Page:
The top was as brown as I wanted it after just fifteen minutes so I covered it loosely with a piece of foil. This baked in five minutes less than the maximum time suggested. It's lightweight and very good. I made compound butter to spread on each slice after toasting.


I made half the recipe and got 23 mini muffins, not 18 like stated in the recipe. They have good flavor but need more salt. I also added 1/2t. vanilla extract. I don't care for the texture. They're very firm, tough, not moist, and seem like they were overmixed but they weren't. These were to bake on 400 degrees F for 12-15 minutes. Mine were overcooked at 10 minutes. Because of the texture, I wouldn't make these again.


This is nothing special because of the crumb topping. I made half the recipe in a 1.5qt baking dish. I used canned peach chunks in place of fresh or frozen slices, about 4.5c. The topping (flour, rolled oats, butter, white sugar, brown sugar) is a little too sweet and strange-tasting from all the brown sugar. It's made with a lot more brown sugar than white sugar, which is very common for crumb toppings. Definitely wouldn't make this topping again or if I did, I'd use very little brown sugar.


These may be the moistest muffins I've ever made. They're made with your choice of melted butter or vegetable oil. I used oil. The actual name of the recipe is Giant Blueberry Muffins but since I don't like blueberries I used frozen raspberries instead. I made half the recipe and got four jumbo muffins. They baked in 27 minutes. The recipe didn't call for salt so I added 1/4t. but that wasn't enough. I also added a little vanilla extract. I made my own glaze for these (powdered sugar, melted butter, almond extract, vanilla extract, water).


This is your basic sweet custard (eggs, milk, sugar, salt, vanilla) that's to be poured into an unbaked pie shell. I skipped the pie crust, made half the recipe and poured the mixture over a drained 14.5oz. can of pitted tart red cherries (1.5c.) that I'd placed in the bottom of a deep dish 8.5"/1qt. pie plate. I added 1/8t. almond extract to the mixture. This needed a lot more salt than half the recipe called for so I used 1/4t., not 1/16t.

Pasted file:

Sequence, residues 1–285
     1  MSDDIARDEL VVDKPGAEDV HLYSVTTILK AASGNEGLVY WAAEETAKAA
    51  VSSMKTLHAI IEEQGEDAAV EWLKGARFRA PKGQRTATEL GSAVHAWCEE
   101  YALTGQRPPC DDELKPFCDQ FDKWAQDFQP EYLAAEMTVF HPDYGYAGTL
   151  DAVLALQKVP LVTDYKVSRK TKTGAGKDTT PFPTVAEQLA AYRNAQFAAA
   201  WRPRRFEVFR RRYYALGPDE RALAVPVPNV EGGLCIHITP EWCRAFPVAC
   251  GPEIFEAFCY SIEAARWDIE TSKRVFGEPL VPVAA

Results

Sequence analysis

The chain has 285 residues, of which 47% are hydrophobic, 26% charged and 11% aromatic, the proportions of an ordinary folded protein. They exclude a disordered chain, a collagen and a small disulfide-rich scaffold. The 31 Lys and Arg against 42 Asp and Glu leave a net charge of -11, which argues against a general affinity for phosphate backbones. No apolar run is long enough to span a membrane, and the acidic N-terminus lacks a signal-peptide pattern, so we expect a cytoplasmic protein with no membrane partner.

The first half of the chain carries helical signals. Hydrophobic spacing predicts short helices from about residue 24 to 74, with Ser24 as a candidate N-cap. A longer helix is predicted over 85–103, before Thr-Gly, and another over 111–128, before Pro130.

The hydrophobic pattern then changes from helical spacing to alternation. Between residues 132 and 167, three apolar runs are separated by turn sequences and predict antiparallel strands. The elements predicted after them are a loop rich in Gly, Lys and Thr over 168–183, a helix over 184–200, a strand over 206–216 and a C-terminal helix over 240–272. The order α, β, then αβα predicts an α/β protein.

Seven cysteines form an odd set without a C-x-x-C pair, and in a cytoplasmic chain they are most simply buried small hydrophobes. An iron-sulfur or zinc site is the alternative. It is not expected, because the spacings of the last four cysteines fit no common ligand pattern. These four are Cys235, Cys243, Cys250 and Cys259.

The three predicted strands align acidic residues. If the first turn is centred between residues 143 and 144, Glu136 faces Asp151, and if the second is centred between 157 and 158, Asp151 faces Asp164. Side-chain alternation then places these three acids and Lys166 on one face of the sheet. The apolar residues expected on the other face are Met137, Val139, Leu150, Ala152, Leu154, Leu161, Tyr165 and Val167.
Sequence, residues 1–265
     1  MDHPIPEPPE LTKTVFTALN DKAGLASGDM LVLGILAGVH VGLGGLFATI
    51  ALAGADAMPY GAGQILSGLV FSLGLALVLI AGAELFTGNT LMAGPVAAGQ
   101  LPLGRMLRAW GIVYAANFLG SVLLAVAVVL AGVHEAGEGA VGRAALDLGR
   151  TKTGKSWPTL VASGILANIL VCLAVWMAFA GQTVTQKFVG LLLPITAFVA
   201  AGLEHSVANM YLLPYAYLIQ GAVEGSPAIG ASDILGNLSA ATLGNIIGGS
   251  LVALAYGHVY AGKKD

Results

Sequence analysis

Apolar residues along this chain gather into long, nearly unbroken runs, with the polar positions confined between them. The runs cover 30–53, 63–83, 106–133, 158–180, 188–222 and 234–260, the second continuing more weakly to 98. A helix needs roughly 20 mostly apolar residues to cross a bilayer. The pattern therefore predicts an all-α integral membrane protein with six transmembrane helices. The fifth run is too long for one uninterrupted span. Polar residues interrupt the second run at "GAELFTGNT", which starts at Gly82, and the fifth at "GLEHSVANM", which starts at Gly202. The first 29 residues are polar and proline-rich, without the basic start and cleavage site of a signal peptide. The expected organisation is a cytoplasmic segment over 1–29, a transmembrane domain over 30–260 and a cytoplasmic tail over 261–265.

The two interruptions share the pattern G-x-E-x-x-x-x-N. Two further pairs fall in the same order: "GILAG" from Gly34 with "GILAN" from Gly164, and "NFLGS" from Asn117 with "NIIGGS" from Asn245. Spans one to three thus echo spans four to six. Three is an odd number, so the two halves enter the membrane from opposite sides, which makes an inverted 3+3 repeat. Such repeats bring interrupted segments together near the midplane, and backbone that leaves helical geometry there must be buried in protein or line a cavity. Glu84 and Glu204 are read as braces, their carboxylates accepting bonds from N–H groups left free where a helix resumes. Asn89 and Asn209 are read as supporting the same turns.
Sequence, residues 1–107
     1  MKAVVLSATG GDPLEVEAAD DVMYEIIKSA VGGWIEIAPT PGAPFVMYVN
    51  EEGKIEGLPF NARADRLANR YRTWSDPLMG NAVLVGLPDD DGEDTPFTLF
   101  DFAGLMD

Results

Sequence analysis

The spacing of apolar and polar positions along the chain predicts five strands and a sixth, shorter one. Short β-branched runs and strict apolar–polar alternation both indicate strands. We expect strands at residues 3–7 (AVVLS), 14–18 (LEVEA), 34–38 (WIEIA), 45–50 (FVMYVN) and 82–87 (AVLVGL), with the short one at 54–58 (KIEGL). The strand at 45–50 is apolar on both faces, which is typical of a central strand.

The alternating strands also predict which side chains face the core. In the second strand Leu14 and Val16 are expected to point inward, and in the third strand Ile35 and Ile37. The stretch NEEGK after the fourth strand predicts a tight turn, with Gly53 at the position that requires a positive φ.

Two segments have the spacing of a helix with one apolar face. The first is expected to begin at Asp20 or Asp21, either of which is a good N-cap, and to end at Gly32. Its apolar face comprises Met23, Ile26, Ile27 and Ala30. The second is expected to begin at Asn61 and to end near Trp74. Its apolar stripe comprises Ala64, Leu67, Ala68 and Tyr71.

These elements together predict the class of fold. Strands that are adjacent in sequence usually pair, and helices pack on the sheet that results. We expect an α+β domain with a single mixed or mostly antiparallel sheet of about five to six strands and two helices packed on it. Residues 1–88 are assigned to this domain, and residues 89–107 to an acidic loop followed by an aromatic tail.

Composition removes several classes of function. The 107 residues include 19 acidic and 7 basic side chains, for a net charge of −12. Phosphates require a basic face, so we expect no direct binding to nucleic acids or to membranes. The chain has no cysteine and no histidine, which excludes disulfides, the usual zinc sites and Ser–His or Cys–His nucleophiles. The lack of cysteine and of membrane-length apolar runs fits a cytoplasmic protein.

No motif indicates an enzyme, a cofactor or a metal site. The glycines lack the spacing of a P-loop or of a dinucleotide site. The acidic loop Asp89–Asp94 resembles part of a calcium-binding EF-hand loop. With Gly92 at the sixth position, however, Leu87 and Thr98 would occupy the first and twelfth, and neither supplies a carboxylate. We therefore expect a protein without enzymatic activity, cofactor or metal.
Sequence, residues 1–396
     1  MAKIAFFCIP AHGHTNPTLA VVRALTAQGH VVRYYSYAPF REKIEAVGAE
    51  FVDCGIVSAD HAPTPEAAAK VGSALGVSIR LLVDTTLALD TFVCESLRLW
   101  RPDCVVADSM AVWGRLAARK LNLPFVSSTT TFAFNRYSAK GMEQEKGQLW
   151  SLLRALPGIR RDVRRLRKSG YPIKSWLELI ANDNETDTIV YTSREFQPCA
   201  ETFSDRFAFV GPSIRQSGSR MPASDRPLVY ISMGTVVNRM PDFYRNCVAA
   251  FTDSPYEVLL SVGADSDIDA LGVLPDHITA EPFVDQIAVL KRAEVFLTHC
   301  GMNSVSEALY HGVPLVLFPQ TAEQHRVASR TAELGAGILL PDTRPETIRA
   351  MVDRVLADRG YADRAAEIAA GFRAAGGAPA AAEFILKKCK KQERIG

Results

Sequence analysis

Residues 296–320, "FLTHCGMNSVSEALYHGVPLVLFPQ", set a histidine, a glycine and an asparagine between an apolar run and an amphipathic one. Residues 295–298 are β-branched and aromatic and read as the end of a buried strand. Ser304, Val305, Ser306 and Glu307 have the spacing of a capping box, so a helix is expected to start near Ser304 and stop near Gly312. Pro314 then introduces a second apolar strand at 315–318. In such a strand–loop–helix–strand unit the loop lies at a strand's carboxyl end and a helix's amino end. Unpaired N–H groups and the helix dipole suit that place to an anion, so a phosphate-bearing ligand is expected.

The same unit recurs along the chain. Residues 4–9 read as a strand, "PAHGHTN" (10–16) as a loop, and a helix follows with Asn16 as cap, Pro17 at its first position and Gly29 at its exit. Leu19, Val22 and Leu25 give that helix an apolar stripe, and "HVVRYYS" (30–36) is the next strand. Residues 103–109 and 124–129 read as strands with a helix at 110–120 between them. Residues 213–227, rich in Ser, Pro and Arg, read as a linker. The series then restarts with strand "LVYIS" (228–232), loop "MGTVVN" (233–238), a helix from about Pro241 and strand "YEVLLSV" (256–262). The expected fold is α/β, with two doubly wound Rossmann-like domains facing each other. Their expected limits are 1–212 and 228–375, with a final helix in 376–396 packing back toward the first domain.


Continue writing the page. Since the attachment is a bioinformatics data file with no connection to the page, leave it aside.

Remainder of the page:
This tastes very good but the custard doesn't look at all right because of all the water that cooked out of the cherries into it. Completely my fault. I should have cut back on the milk or used just half a can of cherries. It must have been severely overbaked too because overbaked custard will curdle and this was definitely curdled. It's ugly but it tastes good!


This isn't a good cake recipe at all. It's actually called Blueberry Buckle. I used blackberries because I don't like blueberries one bit. I added 1/4t. vanilla extract. Though it tastes good it's very dry. I didn't overmix or overbake this. I made half the recipe (thank goodness) in an 8"x2" pan. It took 36 minutes to bake. I used 3/4c. frozen berries that were naturally 'slightly sweet'. They were huge so I cut each into thirds. I sprinkled the top with about 2t. sugar instead of making a crumb topping. I definitely wouldn't make this again.


This is basic custard that consists of milk, eggs, sugar, and vanilla. I used half and half cream instead of milk. The recipe didn't call for any salt so I added a scant 1/4t. and it was perfect. I also added a small amount of melted semisweet chocolate but it wasn't really enough to notice. I baked mine in three 10oz. bowls in a water bath for 32 minutes. This turned out great and I'd make it again.